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Leverage levels peaking again on US mega buyouts

NEW YORK, March 22 (LPC) - Leverage levels on US private equity buyouts are returning to record levels and private equity firms’ equity checks are shrinking as banks underwrite more aggressive loans, safe in the knowledge that they will not be penalized by regulators.

Average leverage levels of 6.8 times in 2019 so far are rebounding towards a recent record of 6.97 times in the third quarter of 2018, before year-end volatility cooled the market and the number fell to 6.09 times, according to LPC data.

As leverage and the amount of debt that sponsors are piling on businesses is rising, the amount of equity they are contributing is falling. Equity checks of 35.7% in the first quarter of 2019 so far are lower than 38.7% in 2018 and 43.3% in 2017, the data shows.

Huge highly leveraged buyout loans are contributing to the spike, including US$3.2bn of loans for travel commerce platform Travelport and a US$6.4bn dual-currency loan for Power Solutions, which backs the buyout of Johnson Controls’ battery unit.

Travelport’s loans had leverage of 7.6 times, according to Moody’s Investors Service. Banks marketed adjusted leverage Brookfield Business Partners’ buyout of Power Solutions buyout at 6.1 times, but Moody’s put the number higher at 7.5 times.

“People (bankers) are not as worried about leverage now. They don’t want to underwrite bad deals, but they’re willing to go up maybe half a turn of leverage without too much fear,” a senior leveraged finance banker said.

Current leverage ratios are the highest debt-to-Ebitda levels seen since the second quarter of 2007, before the financial crisis, when leverage also averaged 6.8 times. This is due to regulators giving more freedom to arranging banks and investors’ hunt for higher yield, market participants said.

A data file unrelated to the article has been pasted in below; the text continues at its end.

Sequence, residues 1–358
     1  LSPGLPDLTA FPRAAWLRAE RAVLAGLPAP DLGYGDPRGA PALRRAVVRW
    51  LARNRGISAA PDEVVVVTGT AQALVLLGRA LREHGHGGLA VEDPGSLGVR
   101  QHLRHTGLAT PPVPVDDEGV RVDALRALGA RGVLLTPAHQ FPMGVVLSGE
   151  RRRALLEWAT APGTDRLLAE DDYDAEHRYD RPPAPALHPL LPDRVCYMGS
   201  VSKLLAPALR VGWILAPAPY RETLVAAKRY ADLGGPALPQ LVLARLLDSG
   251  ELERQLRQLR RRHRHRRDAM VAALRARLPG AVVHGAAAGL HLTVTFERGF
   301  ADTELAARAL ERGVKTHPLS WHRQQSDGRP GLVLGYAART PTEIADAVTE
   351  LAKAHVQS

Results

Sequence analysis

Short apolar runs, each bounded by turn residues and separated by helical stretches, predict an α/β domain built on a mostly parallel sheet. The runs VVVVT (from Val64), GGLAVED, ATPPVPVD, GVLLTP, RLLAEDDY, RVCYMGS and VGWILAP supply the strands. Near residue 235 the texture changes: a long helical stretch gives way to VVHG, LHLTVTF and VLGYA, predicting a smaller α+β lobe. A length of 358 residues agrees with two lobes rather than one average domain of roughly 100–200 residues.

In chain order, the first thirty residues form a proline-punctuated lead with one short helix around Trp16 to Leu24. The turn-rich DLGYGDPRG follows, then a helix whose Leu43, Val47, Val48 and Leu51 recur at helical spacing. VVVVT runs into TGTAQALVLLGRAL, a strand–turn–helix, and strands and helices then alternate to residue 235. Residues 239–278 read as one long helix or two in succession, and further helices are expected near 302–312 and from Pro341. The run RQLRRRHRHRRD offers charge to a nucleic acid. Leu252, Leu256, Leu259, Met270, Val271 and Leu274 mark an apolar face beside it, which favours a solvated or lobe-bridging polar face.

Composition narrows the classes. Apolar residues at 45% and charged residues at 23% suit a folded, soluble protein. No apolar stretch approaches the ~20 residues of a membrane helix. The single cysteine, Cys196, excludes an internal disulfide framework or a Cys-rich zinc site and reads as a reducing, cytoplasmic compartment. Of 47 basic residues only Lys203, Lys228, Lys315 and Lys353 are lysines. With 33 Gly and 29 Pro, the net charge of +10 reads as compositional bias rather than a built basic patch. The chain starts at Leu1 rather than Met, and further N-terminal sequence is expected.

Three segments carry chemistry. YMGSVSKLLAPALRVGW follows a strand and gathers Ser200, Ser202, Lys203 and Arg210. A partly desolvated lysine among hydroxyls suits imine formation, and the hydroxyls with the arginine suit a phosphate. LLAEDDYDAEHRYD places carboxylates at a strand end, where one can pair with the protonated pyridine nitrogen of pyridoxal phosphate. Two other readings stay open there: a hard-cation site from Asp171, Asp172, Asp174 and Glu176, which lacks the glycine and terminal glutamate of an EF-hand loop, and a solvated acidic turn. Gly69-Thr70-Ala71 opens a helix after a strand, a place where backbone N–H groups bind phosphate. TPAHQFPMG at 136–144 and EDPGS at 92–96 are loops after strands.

US regulators implemented Leveraged Lending Guidance (LLG) in 2013 to limit systemic risk. This imposed extra scrutiny on loans with leverage greater than 6 times and also required all secured debt or half of total debt to be able to be paid down within five to seven years.

LLG was relaxed last year when government agencies said that it was guidance and not a rule, which is encouraging banks to arrange more highly leveraged deals without fear of regulatory penalties. It is also producing riskier deals and more aggressive market conditions, another senior leveraged finance banker said.

“You used to see one bank willing to provide more leverage,” a head of leveraged finance said. “But now multiple banks are willing to underwrite these kinds of deals and that has led to more aggressive conditions.”

Pricing on Power Solutions loan was reduced after a successful syndication, but investors demanded higher pricing on Travelport’s loan, a CLO investor said, as lenders were worried about how much leverage was being added.

Travelport priced its US$2.8bn first-lien loan at 500bp over Libor, above price guidance of 450bp-475bp over Libor. A US$500m second-lien loan priced at 900bp over Libor, at wide end of guidance of 850bp-900bp.

Although Power Solutions’ buyout was syndicated successfully, its equity check was only 22.7% of the US$13.2bn purchase price. The US$3bn size of the check helped some investors to get comfortable despite the low equity amount, sources said.

Retail investors withdrew another US$407.7m from loan funds this week, in the 18th consecutive week of outflows, but institutional investors are liquid and CLO issuance is picking up.

Borrowers are being helped by investors’ belief that a strong US economy will support indebted companies through 2019, investors said. The leveraged loan default rate dropped to 0.95% this month, which is the lowest level since 0.81% in April 2012, according to JP Morgan. (Reporting by Jonathan Schwarzberg; Editing by Michelle Sierra and Tessa Walsh)